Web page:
Country singer Mickey Gilley, whose bar launched ‘Urban Cowboy,’ has died

Country singer Mickey Gilley, whose namesake Texas-sized honky-tonk bar was the birthplace of “Urban Cowboy” music and 1980s fashions, has died at 86 in Branson, Missouri, his page announced on Saturday. Facebook.

Gilley, a first cousin of rock ‘n’ roll pioneer Jerry Lee Lewis and TV evangelist Jimmy Swaggart, “had just gotten off the road…after playing 10 shows in April,” his Facebook page said.

An employee of the Mickey Gilley Theater in Branson confirmed that he had died but did not know the cause of death.

Gilley’s country hits included upbeat honky-tonk songs like “Don’t the Girls All Get Prettier at Closing Time” and “The Power of Positive Drinkin'” and ballads like “A Headache Tomorrow (Or a Heartache Tonight) .” But he was best known as the owner of the bar that inspired ‘Urban Cowboy,’ the 1980 film starring John Travolta who danced with Debra Winger and rode a mechanical bull that clashed and tried to knock him down. .

A native of Natchez, Mississippi, Gilley grew up in Ferriday, Louisiana, the son of Arthur Fillmore Gilley and Irene (Lewis) Gilley, who taught him to play the piano. He moved to the Houston, Texas area, where he worked days and sang and played piano in bars at night.

In 1970, he and a partner opened a nightclub in the blue-collar suburb of Pasadena in Houston and named it Gilley`s. It was a cavernous place with a corrugated iron roof and concrete floors, open from 10:00 a.m. to 2:00 a.m. As it became popular, capacity crowds came to see Gilley sing and play piano, as well as the biggest names in country music. the.

At its peak, Gilley’s had a capacity of 6,000, a rodeo arena, recording studio, and a thriving memorabilia business. It billed itself as the world’s largest honky tonk and also featured the mechanical bull on which cowboys, cowgirls and wannabes could test their rodeo skills.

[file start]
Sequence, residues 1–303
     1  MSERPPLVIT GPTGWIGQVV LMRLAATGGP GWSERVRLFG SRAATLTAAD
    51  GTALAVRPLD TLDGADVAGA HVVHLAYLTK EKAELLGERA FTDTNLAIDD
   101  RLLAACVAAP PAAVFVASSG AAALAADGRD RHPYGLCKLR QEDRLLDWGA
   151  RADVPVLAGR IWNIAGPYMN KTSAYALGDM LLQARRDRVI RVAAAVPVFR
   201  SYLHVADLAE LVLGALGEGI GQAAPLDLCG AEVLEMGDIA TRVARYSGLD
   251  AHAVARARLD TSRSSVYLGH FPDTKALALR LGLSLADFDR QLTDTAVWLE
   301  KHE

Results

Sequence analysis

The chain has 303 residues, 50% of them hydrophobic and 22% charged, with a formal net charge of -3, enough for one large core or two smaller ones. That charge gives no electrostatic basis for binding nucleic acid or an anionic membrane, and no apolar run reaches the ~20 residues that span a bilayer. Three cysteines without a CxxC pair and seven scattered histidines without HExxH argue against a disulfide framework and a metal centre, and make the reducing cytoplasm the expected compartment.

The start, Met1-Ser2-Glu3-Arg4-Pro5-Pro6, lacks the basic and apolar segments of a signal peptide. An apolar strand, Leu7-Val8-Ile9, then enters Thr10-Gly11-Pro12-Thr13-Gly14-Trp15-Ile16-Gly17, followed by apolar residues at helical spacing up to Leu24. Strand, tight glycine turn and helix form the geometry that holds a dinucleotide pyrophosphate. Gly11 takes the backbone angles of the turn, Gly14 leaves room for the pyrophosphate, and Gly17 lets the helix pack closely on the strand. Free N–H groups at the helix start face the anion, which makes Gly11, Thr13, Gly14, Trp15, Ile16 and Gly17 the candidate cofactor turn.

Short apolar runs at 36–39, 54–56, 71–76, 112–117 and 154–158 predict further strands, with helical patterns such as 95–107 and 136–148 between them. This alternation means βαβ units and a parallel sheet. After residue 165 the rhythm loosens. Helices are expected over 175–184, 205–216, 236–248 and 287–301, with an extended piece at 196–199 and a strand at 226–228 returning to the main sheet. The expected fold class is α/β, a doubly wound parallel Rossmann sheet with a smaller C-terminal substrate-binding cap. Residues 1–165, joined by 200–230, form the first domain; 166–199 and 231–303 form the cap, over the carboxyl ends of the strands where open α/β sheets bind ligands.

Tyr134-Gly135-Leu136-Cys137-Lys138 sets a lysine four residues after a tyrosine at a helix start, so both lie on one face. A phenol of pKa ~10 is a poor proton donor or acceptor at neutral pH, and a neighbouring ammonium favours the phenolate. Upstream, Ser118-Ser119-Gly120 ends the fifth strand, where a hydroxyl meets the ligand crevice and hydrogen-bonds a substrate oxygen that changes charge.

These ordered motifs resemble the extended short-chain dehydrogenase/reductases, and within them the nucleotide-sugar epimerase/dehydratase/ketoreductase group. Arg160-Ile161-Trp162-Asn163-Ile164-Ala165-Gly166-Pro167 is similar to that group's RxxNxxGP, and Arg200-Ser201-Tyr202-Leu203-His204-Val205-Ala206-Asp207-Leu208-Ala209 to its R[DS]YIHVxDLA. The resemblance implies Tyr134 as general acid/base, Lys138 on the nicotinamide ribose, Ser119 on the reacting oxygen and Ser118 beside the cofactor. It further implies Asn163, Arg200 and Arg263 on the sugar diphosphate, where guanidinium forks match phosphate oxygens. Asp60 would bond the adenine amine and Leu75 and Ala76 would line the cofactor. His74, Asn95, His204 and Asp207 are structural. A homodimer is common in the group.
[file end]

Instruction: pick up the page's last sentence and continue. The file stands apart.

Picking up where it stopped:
The mechanical bull, known as El Toro, was an integral part of the movie “Urban Cowboy” which made Gilley famous worldwide and one of the main tourist attractions in the Houston area.

“It was, quite simply, the biggest, busiest, rowdiest, loudest, most danceable, wildest Texan of them all,” author Bob Claypool wrote in “Saturday Night at Gilley’s”.

“Urban Cowboy” made Gilley’s a household name and helped spark a surge in country music popularity, as well as a fashion trend. Large western hats, snap-button shirts and boots began to appear not only on the streets of Houston and Dallas, but also in New York, San Francisco and Chicago.

Gilley made a guest appearance in the film and had two songs – “Here Comes the Hurt Again” and “Stand by Me” – on her hit soundtrack album. He then appeared in TV shows such as ‘Murder She Wrote’, ‘Fantasy Island’ and ‘The Dukes of Hazzard’.

Her other hit songs include “Roomful of Roses”, “I`m the One Mama Warned You About”, and “Your Memory Ain`t What It Used to Be”.
Gilley was born on March 9, 1936, less than a year after cousins ​​Lewis and Swaggart and the three grew up together in a culture that embraced gambling,
alcohol and religion. The three boys performed at their Assembly of God church.

Lewis would go on to become one of rock’s innovators in the late 1950s with hits such as “Great Balls of Fire” and “Whole Lotta Shakin’ Goin’ On”. Swaggart, a theatrical Pentecostal preacher, developed an international television ministry before being overthrown in a 1988 scandal involving a prostitute.

When the “Urban Cowboy” trend faded, so did Gilley’s stardom. The nightclub closed in 1989 amid a falling out between Gilley and her partner. A year later it was destroyed in an arson attack.

Gilley rebounded by becoming a regular performer in the Branson, Missouri country music hotbed, where he built a theater. He also opened a Gilley club in Dallas, but he never enjoyed the success of the original.

In 2009, Gilley was partially paralyzed when he injured his back in a fall while helping a friend move furniture. After therapy, he took over singing at Branson but was unable to play the piano.

Gilley was married twice and had four children.

About James K. Bonnette

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